Mark Richt on UGA’s chain of command

UGA and Georgia Tech coaches hit the road this week for the NCAA’s spring evaluation period.

They will visit high schools across the state and the Southeast to check on prospects.

Mark Richt offered some insight on UGA’s chain of command in both evaluating and offering a high school football player. (He references recruiting coordinator Bryan McClendon, linebackers coach Mike Ekeler, and defensive coordinator Jeremy Pruitt)

UGA's Mark Richt (AP)

UGA’s Mark Richt (AP)

“Everybody in their (recruiting territory) needs to locate players that can play championship football, that can handle the academics at Georgia, and that can also graduate from Georgia,” Richt said. “And we’re also looking for guys who are going to behave in the right way.

“So that’s (the area recruiter’s) job to find him, and we certainly want the position coach to want him, too. But the coordinator is also a big part of that decision-making process. You know, when McClendon finds a guy who is a middle linebacker, we want Ekeler to see him. And usually they watch it together. Pruitt, Eckert and the whole defensive staff are probably looking at the film together. But there may be a time when Ekeler is watching him by himself and really likes what he’s seeing, especially when it’s during the season and things are flying fast. He may say, ‘Hey, Jeremy, I need you to look at this guy. I want to offer this guy.’ So (Pruitt) will look at it, and they’ll agree that they want to offer this guy. And then they’ll come to me. Then I will put the final stamp on it.”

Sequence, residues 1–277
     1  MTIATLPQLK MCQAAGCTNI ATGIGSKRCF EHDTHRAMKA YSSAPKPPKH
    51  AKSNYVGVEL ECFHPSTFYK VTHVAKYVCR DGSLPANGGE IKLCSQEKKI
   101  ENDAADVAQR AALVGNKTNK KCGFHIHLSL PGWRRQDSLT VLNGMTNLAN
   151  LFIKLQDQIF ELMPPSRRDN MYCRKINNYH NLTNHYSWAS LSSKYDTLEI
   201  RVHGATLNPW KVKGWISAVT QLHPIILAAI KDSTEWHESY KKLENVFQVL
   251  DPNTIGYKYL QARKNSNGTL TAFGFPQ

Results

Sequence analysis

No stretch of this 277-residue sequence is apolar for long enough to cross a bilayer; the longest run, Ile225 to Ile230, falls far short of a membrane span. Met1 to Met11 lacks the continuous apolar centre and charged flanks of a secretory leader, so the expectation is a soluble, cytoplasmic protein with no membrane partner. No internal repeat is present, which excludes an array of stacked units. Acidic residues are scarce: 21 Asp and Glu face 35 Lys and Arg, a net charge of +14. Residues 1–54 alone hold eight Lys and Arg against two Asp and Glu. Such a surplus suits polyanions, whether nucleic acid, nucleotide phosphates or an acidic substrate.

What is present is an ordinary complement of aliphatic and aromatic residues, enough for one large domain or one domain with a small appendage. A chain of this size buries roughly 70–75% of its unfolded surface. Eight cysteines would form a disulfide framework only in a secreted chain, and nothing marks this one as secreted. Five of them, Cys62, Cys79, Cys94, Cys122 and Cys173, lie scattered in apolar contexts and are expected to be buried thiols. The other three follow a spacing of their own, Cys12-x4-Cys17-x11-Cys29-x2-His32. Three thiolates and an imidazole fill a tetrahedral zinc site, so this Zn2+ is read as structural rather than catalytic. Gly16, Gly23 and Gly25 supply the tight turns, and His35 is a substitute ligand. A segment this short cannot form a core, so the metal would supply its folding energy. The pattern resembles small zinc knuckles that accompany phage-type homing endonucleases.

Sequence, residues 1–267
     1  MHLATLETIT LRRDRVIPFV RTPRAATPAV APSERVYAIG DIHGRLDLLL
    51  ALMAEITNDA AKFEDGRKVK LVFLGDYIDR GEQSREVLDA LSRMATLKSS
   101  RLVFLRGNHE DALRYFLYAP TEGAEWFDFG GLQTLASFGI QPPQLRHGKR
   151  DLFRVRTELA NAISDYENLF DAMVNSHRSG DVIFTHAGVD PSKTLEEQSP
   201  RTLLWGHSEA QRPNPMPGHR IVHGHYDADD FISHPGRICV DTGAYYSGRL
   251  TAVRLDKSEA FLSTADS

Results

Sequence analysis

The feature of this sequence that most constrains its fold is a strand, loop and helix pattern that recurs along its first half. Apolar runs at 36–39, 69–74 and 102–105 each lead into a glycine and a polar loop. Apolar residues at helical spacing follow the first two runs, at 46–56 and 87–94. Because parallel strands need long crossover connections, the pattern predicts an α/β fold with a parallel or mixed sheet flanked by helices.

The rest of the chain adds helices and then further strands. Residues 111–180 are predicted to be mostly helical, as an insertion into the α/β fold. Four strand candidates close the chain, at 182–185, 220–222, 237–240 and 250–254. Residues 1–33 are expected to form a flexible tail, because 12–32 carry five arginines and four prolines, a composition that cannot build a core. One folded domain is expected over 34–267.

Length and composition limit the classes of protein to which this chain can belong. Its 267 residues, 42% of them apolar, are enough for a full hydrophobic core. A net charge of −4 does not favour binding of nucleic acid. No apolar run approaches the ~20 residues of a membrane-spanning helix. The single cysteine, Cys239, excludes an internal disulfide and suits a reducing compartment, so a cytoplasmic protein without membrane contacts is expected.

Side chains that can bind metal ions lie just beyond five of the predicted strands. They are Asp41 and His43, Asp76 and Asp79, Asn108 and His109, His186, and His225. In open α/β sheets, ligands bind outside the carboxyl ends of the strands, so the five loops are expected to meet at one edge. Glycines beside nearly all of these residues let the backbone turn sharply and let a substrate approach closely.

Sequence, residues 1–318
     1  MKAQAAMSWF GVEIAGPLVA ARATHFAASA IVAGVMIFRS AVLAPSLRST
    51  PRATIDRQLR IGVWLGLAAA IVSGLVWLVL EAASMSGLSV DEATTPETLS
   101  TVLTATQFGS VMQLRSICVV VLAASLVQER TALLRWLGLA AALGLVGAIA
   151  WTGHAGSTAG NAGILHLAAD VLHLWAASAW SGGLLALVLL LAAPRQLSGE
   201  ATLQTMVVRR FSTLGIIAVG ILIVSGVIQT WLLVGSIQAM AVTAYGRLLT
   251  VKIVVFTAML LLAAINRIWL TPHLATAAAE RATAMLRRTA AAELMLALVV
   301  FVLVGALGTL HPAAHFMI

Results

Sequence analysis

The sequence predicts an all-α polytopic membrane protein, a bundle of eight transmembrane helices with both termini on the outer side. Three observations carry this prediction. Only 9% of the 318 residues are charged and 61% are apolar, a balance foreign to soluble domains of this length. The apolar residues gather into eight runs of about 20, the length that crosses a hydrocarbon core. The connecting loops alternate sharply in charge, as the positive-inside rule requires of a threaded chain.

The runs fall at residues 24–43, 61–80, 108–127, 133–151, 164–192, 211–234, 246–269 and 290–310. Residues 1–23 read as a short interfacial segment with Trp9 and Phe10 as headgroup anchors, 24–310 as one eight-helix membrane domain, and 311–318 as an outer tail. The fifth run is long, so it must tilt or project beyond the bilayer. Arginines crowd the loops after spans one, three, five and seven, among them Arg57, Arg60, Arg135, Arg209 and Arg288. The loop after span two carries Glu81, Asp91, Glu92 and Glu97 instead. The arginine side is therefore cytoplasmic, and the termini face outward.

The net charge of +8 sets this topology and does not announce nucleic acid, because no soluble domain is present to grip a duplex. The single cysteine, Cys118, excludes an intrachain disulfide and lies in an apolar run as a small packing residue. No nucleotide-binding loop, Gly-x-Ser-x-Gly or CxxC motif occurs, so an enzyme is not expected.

So does a UGA offer have to come directly from Richt? Or does an assistant have the freedom to do it? (This recently was a point of confusion)

“I’m not saying that the assistant coaches won’t be the ones to say to the prospects ‘that you’re offered a scholarship’ — or to the high school coach, ‘we’re going to offer your kid,’” Richt explained. “But before we do that, I want to approve it. A lot of times I will be the one to make the offer over the phone, or when he’s here on an unofficial visit. But there are plenty of times that the assistant coaches or coordinators will let them know as well.

“As far as the go ahead, I want to make sure I see them and know about them before we do that.”


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